Wire Data: What is it Good For?

SecOps professionals have long considered endpoints and log files an integral piece of the cybersecurity puzzle. While it is true that endpoint data can provide valuable insight across multiple connected devices, these tools are limited in scope and vulnerable to breaches.

Today’s security and IT teams are increasingly relying on wire data to better secure their networks. A recent report conducted by network performance and security monitoring vendor VIAVI revealed that more network teams than ever consider wire data the most important data source when confronting security incidents.  

Getting a good handle on the benefits and limitations of wire data in the world of cybersecurity will only become more crucial. 

What is wire data?

While machine data represents the log files stored on discrete servers, wire data is the communication passed between separate elements. For example, HTTP and FTP are both wire data.

Wire data is the decoded raw information collected from computer and telecommunication network communications. This data can fall into two main categories: verbose (for instance, packet capture) and metadata, which is more commonly used for network security analysis.

No matter where the metadata originates, the information is focused on network traffic. That traffic can include live network traffic via network taps, switches and routers, or even localhost network interfaces. Security analysts study metadata to gain context into security events, detect unusual events, and pivot across proprietary data sources.

Why is metadata used?

The evolution of networking has resulted in a world where virtually everything that can be added to a network is interconnected. “Cybersecurity” is no longer the job of specific IT professionals. Today, teams must work together to manage the network and production tasks. Wire data provides analytical insight across the network, including project development and production.

Network security has become more complex as networks have become more sprawling and complicated. Enterprises increasingly rely on an interconnected network landscape where new devices are continually being brought online. Today’s networks need to be able to communicate with IoT devices and third party temporary users safely. 

The rapid advancement in network technology has led to a world where users can access information and perform online tasks anywhere, at any time. No matter the field, a flawless “digital experience” for the end-user is required. Real-time analysis of wire data is the only way to ensure end-user and enterprise security at all times.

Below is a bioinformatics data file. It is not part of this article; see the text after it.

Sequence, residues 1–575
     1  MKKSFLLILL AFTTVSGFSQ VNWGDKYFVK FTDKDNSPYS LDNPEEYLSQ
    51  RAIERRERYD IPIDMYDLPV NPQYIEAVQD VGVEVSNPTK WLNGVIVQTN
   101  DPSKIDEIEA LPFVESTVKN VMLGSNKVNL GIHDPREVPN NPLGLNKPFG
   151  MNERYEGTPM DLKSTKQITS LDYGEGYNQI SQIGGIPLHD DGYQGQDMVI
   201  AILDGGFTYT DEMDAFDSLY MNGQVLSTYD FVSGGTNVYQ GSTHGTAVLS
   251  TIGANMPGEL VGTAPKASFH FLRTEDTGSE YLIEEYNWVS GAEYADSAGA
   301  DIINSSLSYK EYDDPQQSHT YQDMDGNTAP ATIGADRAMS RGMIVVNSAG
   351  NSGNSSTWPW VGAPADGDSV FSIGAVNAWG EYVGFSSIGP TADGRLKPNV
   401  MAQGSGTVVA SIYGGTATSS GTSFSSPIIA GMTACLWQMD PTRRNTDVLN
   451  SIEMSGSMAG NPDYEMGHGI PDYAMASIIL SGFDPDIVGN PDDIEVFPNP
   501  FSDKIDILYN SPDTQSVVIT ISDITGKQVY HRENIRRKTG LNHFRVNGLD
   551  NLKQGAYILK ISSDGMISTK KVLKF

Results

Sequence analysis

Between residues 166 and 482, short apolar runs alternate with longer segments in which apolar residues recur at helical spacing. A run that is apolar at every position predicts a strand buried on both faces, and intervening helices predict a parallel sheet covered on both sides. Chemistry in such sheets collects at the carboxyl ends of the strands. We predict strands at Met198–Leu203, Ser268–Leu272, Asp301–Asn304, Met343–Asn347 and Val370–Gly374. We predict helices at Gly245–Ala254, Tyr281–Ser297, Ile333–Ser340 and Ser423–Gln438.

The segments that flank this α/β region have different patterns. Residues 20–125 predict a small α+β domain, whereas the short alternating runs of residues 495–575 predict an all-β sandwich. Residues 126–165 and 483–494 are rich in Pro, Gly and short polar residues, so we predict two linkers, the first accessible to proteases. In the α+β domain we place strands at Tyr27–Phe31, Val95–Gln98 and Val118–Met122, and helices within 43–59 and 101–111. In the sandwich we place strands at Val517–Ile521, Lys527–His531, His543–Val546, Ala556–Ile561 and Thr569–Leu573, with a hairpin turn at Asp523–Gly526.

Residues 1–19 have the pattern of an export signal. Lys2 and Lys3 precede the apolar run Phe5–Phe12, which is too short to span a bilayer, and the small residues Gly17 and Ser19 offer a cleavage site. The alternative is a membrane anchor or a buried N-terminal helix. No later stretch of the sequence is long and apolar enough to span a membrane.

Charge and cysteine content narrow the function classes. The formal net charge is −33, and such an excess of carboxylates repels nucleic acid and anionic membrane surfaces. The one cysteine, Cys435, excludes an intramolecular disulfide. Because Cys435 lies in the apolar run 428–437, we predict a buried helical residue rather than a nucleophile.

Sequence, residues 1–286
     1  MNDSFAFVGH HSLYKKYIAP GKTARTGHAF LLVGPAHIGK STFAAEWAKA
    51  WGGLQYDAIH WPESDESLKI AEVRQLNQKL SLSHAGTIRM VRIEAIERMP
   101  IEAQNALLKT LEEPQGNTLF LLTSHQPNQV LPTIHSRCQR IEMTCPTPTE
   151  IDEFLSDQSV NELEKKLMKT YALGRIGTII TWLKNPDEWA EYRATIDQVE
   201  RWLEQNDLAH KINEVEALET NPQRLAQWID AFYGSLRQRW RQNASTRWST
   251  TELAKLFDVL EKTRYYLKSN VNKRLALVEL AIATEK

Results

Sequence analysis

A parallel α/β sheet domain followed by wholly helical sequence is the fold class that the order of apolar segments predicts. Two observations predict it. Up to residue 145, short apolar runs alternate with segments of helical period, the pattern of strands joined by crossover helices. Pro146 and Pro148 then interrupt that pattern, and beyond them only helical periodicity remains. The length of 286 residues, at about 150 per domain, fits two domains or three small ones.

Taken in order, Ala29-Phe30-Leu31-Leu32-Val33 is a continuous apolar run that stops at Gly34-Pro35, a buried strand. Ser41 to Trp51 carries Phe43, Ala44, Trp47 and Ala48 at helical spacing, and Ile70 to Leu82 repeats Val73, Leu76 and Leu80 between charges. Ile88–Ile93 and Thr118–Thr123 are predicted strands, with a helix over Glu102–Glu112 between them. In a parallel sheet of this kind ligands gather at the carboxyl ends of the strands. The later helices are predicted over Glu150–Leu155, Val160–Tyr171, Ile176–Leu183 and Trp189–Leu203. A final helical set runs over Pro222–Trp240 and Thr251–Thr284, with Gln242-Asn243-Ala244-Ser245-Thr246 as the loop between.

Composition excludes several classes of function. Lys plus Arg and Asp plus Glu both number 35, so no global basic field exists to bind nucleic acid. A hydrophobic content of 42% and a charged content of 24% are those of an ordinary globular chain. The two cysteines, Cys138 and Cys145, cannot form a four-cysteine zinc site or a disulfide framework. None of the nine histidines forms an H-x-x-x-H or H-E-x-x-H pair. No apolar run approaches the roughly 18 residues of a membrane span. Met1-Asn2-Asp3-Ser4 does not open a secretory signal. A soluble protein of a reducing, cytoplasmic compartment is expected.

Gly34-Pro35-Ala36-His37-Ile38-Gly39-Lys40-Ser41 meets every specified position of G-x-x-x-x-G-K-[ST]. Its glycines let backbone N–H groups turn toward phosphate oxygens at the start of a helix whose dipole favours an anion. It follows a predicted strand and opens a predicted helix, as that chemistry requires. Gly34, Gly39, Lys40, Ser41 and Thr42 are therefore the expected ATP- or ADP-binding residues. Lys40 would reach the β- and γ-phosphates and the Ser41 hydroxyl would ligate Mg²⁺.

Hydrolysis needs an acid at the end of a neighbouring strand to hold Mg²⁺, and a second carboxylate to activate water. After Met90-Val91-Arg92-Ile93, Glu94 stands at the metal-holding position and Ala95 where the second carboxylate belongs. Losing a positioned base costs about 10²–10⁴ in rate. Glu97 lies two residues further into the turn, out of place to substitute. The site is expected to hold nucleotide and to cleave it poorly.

How does metadata improve network security?

Metadata can capture more than 90 percent more of the usable data than a full packet system can capture. The ability to store and analyze metadata in real-time introduces predictability into network security protocol, allowing teams to discover threats that would have gone undedicated through packet capture.

Metadata can also be stored as flat text, which can be compressed for long term storage. Because it can be stored in standard formats like JSON and XML, metadata is searchable and able to be cataloged for use by standard libraries. 

In essence, the analysis of metadata allows teams to search across multiple sources of communications data vs. sifting through endless logs to track down specific information. Not only does metadata increase team efficiency, but it also provides a much richer, more accurate analysis

Instead of being limited to solving broad security issues, metadata allows analysts to dig deeper. For example, metadata can be searched to answer specific answers:

·   Where did a file originate?

·   Who has access to a file across the enterprise?

·   When have edits been made to a file, and by whom?

·   Is personal or proprietary data stored improperly somewhere on the network?

·   In the case of a known security breach, who handled the affected files and when?

Metadata essentially allows security teams to perform their roles with more confidence and greater effectiveness. 

Metadata Analysis Limitations

While metadata analysis holds a great deal of promise, manually searching and analyzing metadata is still not enough. SecOps teams can better analyze more data, but it would be impossible for even the most qualified security professionals to take stock of an entire network in real-time. 

SecOps teams require intelligent, automated analysis to fully secure complex networks. 

Looking Ahead

Wire data has become an integral component of network security. Enterprises that are not currently employing the use of wire data analysis are not sufficiently protecting their networks. Wire data provides much greater insight into network traffic patterns and behavior over legacy processes like data logging technology. 

Wire data is not without inherent limitations, however. Without automation, it can still be a burdensome undertaking to pore over reported metadata. 

The AI-enhanced MixMode platform takes full advantage of the possibilities afforded by metadata analysis. MixMode creates a baseline of your network and then continually monitors changes and anomalies in real-time, alerting your SecOps teams to only real threats. 

When your team needs to respond to a threat, MixMode unlocks full access to wire data, packet capture, deep packet inspection, and file extraction. Not sure where to start? Contact a friendly MixMode representative today to set up a demo and learn how the MixMode platform can elevate data security across your enterprise.

*** This is a Security Bloggers Network syndicated blog from MixMode authored by Ana Mezic. Read the original post at: https://mixmode.ai/blog/wire-data-what-is-it-good-for/